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Be skills short or train?

By on 15.05.13 in News

I have recently noticed that an increasing amount of the junior candidates applying for my briefs seem to be lacking in the basic requirements for the role.  These ranged from basic computer skills to basic grammar.   As this has begun to be a reoccurring theme, I am left asking, "Why it's the case?" and "Is it that the landscape of the work place has changed fundamentally for graduates and juniors?"

Recent reports have noted that youth unemployment in the UK was up by 21.2% on the last quarter as more young people are giving up on the search for work, which is inevitably depriving a society of a generation of skilled workers. The weakening of the global recovery in 2012 & 2013 has further aggravated the crisis. Another report by the Princes Trust found that a lack of computer skills could be damaging the career chances of young Britons, after it was discovered that more than one in 10 were unable to send their CV digitally, while a quarter dreaded filling in an application online.

The Creative industries, as recognised in the government's plan for growth, have a vital role to play in stimulating growth and recovery in the UK over the coming years. Strong creative talent is one of the reasons that the UK has built up a natural strength in sectors such as advertising and marketing, music, publishing, video games, film, design and fashion. However the view from many creative sub-sectors is that the UK is now slipping on this measure and risks being over taken by global competitors.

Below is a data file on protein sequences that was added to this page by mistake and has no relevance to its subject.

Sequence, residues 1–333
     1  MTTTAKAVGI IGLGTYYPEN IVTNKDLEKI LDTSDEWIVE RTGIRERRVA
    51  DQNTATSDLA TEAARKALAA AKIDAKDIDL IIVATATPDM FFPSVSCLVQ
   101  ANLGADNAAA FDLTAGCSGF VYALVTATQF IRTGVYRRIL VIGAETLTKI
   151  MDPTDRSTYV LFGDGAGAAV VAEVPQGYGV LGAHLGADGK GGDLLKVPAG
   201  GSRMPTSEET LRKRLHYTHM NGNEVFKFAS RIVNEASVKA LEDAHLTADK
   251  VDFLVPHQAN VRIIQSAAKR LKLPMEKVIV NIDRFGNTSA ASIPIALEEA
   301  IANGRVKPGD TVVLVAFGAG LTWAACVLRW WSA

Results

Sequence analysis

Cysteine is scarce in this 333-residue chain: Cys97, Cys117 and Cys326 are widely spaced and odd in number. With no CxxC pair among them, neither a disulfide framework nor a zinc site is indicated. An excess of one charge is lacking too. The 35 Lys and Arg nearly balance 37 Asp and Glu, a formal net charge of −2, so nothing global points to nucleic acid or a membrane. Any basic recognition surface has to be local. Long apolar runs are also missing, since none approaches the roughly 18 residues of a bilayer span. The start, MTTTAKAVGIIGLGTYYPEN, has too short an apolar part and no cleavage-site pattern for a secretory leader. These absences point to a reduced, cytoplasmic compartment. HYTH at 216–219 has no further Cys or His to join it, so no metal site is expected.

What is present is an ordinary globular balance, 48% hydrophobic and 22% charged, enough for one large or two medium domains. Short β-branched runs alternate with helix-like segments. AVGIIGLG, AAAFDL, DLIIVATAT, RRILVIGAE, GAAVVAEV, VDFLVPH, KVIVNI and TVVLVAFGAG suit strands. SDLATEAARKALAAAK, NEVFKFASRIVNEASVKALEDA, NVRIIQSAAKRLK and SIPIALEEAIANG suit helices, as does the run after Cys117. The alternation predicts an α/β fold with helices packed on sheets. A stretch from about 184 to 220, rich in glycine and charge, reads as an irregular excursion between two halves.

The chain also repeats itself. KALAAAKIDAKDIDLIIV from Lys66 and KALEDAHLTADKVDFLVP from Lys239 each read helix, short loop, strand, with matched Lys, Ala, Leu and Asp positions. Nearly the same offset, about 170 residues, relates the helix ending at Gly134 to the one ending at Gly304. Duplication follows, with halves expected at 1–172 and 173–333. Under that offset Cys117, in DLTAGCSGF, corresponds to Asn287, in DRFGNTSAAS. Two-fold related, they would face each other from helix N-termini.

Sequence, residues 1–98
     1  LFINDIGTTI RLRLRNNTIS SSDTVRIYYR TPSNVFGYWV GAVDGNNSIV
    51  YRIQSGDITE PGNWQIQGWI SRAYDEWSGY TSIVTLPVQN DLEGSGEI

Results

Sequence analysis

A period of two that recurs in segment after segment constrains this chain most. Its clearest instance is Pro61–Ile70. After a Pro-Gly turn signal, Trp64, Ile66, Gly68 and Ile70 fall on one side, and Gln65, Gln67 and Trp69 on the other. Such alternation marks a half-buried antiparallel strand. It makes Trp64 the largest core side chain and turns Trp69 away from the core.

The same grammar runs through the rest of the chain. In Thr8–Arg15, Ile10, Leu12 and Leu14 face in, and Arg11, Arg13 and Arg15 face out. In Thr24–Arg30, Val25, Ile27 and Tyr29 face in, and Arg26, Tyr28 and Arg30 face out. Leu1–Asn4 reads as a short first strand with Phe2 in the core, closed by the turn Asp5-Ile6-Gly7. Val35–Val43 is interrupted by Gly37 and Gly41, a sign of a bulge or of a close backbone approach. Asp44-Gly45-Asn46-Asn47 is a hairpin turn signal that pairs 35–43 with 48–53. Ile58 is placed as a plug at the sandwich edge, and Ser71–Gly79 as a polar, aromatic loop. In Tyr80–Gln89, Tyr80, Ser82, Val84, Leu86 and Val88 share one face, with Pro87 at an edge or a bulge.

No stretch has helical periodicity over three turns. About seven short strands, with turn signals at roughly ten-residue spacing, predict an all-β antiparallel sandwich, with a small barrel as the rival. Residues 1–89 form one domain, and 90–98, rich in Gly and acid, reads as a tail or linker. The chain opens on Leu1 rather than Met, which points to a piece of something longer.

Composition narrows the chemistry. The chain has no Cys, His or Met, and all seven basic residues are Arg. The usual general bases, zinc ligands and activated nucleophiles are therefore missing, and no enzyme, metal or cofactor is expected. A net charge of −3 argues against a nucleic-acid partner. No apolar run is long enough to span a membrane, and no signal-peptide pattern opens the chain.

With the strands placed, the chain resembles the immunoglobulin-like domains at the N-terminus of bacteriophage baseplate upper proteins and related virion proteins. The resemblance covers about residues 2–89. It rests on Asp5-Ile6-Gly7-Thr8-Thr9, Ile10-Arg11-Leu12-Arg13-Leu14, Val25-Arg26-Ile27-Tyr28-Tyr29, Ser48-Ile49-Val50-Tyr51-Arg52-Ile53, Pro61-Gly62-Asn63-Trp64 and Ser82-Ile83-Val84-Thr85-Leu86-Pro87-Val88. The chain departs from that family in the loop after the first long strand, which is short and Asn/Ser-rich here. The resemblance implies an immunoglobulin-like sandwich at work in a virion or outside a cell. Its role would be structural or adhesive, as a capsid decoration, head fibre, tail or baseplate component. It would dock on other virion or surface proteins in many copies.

That's not to say that the problem is localised -in fact, it's far wider. The challenge is that skill shortages are global and the situation will probably get worse before it gets better. Some employers have reacted to this by recruiting young people straight from school, however just as many employers have moved in the opposite direction.

Simon Nathan of The Education and Skills organisation sets out clear recommendations to ensure the creative industries have the skills they need to thrive and prosper; the recommendations were aimed at education but also supporting employers to develop the abilities of the current workplace. Instead of endless searches for juniors with the right skills, would it not be more beneficial for employees to invest in the training and development of these skills at grass roots level?